mediums rather than shamans.

      The term "shaman" is thrown around very freely these days. As Meeks points
      out, it is anthropologists who tend to discuss the phenomenon, rather than
      historians of religion. To give just one example, Laurel Kendall uses the
      term "shaman" in her studies of the Korean mudang, and it seems to fit.

      Meeks raises many interesting questions, but for now my question to the
      list is whether "miko" = "shaman", or should it be translated simply as
      "medium."

      Ross Bender
      http://rossbender.org/japan.html

      --
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      [Non-text portions of this message have been removed]
    • the.lady.phoenix@gmail.com
      I ve always translated it as Preistess. As that seems to fit better. They are more then mediums and shamans are usually part of a less structured
      Message 2 of 2 , Oct 1, 2012
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        I've always translated it as Preistess. As that seems to fit better.
        They are more then "mediums" and "shamans" are usually part of a less
        structured religious structure then the mikos are part of. The term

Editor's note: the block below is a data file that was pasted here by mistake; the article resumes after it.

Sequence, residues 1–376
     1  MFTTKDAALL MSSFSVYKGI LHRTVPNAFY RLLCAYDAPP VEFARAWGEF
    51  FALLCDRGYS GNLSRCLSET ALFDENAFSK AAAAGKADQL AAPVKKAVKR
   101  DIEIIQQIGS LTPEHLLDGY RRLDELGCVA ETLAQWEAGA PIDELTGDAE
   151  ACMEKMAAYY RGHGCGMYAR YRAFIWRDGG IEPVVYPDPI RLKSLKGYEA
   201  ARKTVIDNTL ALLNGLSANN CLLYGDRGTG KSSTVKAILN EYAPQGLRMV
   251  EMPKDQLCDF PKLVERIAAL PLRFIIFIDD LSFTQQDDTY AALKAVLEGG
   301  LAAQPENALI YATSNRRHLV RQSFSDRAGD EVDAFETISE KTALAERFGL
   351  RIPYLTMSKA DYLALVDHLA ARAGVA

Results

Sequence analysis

Priestess long predates the terms shaman or medium.

        Also Mikos are exclusively female. A Miko is a "Shrine Maiden" a
        maiden is a woman. The Kanji for Miko are;
        Mi=Shaman,Oracle, Medium, Priest/Priestess, diviner, sorcerer/socereress
        Ko=child, little, young, young woman
        Depending on which source you use for translation. Translating
        languages is more of an art then a science as anyone will tell you.
        Call a christian religious leader a shaman or medium and see the
        reaction for a good time. They prefer priest, if you want the truth
        from the horse's mouth ask a real Miko what translated Title they
        want. Though looking at the few official websites I could find from
        Japan it is most often translated as Shrine Maiden.

        S

        On 01/10/2012, JL Badgley <tatsushu@...> wrote:
        > I thought this may be of interest, given questions I've often seen about
        > Miko. I'm interested in the article quoted, and I'll have to see if I can
        > find it.
        >
        > -Ii
        > ---------- Forwarded message ----------
        > From: "Ross Bender" <rosslynnbender@...>
        > Date: Oct 1, 2012 5:58 AM
        > Subject: [PMJS] Meeks on Miko
        > To: <pmjs@...>
        >
        > Lori Meeks, in her recent article "The Disappearing Medium" makes a strong
        > argument that in medieval Japan the miko were not marginal figures, but
        > rather were well-integrated into the religious and institutional life of
        > the great temple and shrine complexes, and that some had quite high status.
        > She demonstrates that they played a large variety of roles, as healers,
        > exorcists, transmitters of oracles, spirit mediums and more. Particularly